The predominant question at the end of three rounds of play at Australian Open was: Is Juan Martin del Potro becoming the Argentinean Marin Cilic, or is Cilic becoming the Croatian del Potro (minus that Grand Slam title)? Lately, both seem to be making a career out of disappointing their fans and repudiating their lofty rankings at Grand Slam events.
The second day of the third round of play certainly was different from the first, and not just because sixth-seeded Del Potro and 12th-seeded Cilic both stumbled out of the draw. At dawn yesterday, a calm had descended on Melbourne Park, thanks to a lack of headline-worthy news coming out of the previous day.
But the stillness was destined not to last. And by the end of the long day—and night—Gilles Simon and Gael Monfils moved the drama meter further than anyone previously at this event this year. They hacked away at each other for four hours and 43 minutes before Simon, improbably overcoming an attack of cramps, broke Monfils and held at love to take it, 8-6 in the fifth.
Oh, and one point in that match contained 71 hits and lasted two minutes and nine seconds:
Anyone else offering a cash reward for finding a serviceable serve-and-volley player out there?
The women cast some sparks, too. Jamie Hampton’s two herniated disks didn’t hold up long enough to pull off a spectacular upset of world No. 1 Victoria Azarenka. Hampton’s back began to give out late in the second set (which she would win anyway), but the pain became unbearable and it helped Azarenka save her skin, 6-4, 4-6, 6-2. Sloane Stephens won the most intriguing match of the day, a clash with Laura Robson, 7-5, 6-3.
The most promising thing about Stephens at the moment is that she’s winning the matches which are a toss-up, or in which she’s the favorite. That shows a real ability to handle the kind of omnipresent pressure a top player faces on a daily basis.
For long periods in their still relatively brief (and injury-plagued) careers, del Potro and Cilic could have said the same thing. Only they haven’t been able to claim that recently, at least not at major events. Of course, it’s all relative—as Justin Gimelstob likes to say, “In tennis, you grade on a curve.”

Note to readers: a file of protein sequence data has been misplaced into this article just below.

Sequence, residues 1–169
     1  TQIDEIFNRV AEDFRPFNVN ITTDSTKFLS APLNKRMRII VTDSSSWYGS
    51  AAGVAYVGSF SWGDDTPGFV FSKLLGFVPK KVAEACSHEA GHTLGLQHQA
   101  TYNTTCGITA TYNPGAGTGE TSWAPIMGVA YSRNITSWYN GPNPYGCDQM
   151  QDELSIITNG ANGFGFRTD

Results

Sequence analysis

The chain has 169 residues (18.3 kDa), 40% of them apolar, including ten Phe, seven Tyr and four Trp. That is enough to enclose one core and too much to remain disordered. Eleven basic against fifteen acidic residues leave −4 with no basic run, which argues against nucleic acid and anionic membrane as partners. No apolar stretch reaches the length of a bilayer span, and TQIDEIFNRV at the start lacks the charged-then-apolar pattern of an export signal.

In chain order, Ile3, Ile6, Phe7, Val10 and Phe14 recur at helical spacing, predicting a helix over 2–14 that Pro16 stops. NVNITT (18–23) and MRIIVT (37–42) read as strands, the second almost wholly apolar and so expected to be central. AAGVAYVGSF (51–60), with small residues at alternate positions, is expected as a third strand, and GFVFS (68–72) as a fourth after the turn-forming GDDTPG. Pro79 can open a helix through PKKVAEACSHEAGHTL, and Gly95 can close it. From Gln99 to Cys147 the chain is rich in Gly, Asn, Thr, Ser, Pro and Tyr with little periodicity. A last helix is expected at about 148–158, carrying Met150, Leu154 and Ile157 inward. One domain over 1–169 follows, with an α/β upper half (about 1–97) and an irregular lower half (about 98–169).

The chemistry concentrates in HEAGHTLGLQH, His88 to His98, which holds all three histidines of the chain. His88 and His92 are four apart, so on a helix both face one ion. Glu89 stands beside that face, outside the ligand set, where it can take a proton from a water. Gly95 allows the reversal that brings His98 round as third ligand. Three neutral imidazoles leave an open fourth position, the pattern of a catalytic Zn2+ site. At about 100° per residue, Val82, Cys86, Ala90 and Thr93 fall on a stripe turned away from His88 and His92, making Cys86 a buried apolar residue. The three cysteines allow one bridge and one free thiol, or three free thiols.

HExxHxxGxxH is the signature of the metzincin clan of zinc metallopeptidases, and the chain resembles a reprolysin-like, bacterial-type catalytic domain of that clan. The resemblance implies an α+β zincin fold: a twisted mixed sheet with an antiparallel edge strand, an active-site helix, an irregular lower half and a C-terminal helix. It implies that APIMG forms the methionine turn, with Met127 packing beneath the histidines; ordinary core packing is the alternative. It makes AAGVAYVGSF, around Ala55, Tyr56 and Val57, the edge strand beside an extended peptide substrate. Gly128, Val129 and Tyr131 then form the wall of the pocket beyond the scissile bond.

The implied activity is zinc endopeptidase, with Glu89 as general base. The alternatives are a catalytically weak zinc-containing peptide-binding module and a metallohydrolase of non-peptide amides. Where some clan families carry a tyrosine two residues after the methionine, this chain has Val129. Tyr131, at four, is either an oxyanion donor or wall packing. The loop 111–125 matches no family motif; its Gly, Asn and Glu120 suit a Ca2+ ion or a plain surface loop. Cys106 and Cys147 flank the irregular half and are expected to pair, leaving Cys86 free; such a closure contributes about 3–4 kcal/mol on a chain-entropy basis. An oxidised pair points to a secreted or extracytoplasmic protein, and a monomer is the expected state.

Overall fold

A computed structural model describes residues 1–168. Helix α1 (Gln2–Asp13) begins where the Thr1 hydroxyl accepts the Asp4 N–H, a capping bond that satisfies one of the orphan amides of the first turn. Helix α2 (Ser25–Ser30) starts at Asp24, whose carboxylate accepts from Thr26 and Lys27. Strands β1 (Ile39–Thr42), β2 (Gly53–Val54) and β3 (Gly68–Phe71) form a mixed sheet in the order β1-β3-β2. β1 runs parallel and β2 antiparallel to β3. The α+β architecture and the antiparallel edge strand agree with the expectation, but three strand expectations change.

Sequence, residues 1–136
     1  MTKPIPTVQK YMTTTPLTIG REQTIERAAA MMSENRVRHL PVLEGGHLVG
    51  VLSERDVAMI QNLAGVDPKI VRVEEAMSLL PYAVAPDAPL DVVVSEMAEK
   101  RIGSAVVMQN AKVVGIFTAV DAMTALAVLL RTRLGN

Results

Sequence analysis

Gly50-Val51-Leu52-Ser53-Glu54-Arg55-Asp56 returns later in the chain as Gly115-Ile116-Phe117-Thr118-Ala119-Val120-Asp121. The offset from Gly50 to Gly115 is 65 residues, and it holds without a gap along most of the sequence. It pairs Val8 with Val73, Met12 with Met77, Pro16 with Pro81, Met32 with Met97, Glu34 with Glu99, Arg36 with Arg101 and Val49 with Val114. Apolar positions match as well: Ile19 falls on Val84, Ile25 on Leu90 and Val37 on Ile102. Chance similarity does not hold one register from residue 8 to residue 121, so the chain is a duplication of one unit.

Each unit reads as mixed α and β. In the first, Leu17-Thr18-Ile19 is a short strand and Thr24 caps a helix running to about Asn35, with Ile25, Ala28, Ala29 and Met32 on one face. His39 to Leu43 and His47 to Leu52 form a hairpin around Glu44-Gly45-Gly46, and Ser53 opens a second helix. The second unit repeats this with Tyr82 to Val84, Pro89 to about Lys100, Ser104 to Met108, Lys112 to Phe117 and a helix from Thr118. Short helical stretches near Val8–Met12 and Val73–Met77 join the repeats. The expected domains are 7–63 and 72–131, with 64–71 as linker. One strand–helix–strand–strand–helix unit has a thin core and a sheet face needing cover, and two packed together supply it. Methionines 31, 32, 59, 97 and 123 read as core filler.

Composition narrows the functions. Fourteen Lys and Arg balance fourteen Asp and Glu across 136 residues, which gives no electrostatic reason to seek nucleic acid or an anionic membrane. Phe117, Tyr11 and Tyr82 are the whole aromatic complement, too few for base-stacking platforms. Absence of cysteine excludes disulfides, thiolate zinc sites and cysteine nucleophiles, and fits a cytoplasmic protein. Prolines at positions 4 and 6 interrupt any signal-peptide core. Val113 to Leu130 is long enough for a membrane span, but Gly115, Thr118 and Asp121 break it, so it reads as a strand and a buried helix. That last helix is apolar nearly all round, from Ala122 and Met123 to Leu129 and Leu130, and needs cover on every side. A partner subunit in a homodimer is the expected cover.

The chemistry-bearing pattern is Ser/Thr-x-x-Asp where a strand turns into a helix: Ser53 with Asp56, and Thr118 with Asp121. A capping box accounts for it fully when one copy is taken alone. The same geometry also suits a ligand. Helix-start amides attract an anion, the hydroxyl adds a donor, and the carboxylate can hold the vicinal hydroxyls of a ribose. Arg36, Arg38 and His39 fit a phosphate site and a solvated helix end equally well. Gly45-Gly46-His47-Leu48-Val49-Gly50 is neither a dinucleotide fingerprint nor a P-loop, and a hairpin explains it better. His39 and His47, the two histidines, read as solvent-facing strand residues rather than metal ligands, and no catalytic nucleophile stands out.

But that doesn’t make the situation any less baffling. Cilic is presently No. 14, but he’s been ranked as high as No. 9; Del Potro is a very respectable No. 6 (down from a career high No. 4) but then he’s a Grand Slam champion (U.S. Open, 2009).
More intriguing, del Potro and Cilic seem ideally cast as rivals—were the world ready for a rivalry between very similar players, right down to personality. Their “tale of the tape” could be written in one column—why waste on two?
Both men are both 24 years old; Cilic was born a mere five days later than del Potro in September 1988. Cilic is 6’6”, 192 lbs.; del Potro is listed as having the same height, but he’s (on paper) 10 pounds lighter. Both are power players, strong off either wing but with a slightly higher degree of menace on the forehand side. They can volley. The word that comes to mind to describe their games is “impregnable,” but you know how tennis is; you can’t just play defense, you must also make shots—and the error, forgivable or otherwise, is kissing cousins with the winner.
Del Potro leads their head-to-head record by an impressive 7-2, and every one of those matches was either at a Grand Slam tournament, a Masters event, or a Davis Cup tie.
Beyond that, both men are gentle rather than threatening giants. Both appear to be introverts, at least in the eyes of the public and camp followers. Taking stock of their careers and results, I’m tempted to say the best way to describe each of them is “moody.”
At times, it seems it seems like Cilic been around forever. He first came on our radar in 2008 at Wimbledon, where he made the fourth round. He didn’t improve on that until 2009, when he made the quarters of the U.S. Open, losing to a man on the cusp of making history. . . del Potro.
Cilic hit his ranking peak not long thereafter, and improved his major record at the next Grand Slam, the 2010 Australian Open. He belted his way to the semifinals before he was stopped by Andy Murray. But in the next nine majors he struggled, losing before the fourth round on eight straight occasions, ending last September when he was once again a U.S. Open quarterfinalist (he again lost to Murray). The skid included three first-round losses and another in round two. And now, with his loss to No. 21 Andreas Seppi, it seems like Cilic is backsliding.
One big difference between the men is that del Potro has had to contend with a career-threatening wrist injury. It required surgery, and caused him to miss almost the entire year after he triumphed over Roger Federer in Flushing Meadows.
After his return as a full-time player in 2011, del Potro took giant strides back toward the Top 5. Yet he stalled when he reached that level. At his first U.S. Open after he won that title, del Potro lost in the third round to Gilles Simon. He hasn’t been able to penetrate beyond the quarterfinal stage of a Slam since then, but give credit where credit is due: His three losses were to Federer (twice) and Novak Djokovic. But his fourth-round loss to David Ferrer at Wimbledon last year (del Potro won just eight games) was borderline shocking—as was yesterday’s third-round failure against Chardy.
It’s strange, but at the end of 2009, it was very tempting to pencil in the names of del Potro and Cilic, instead of those of, say, Murray and Djokovic, as the natural heirs to the rivalry of Federer and Nadal. These days, though, it seems more like the rivalry that never happened.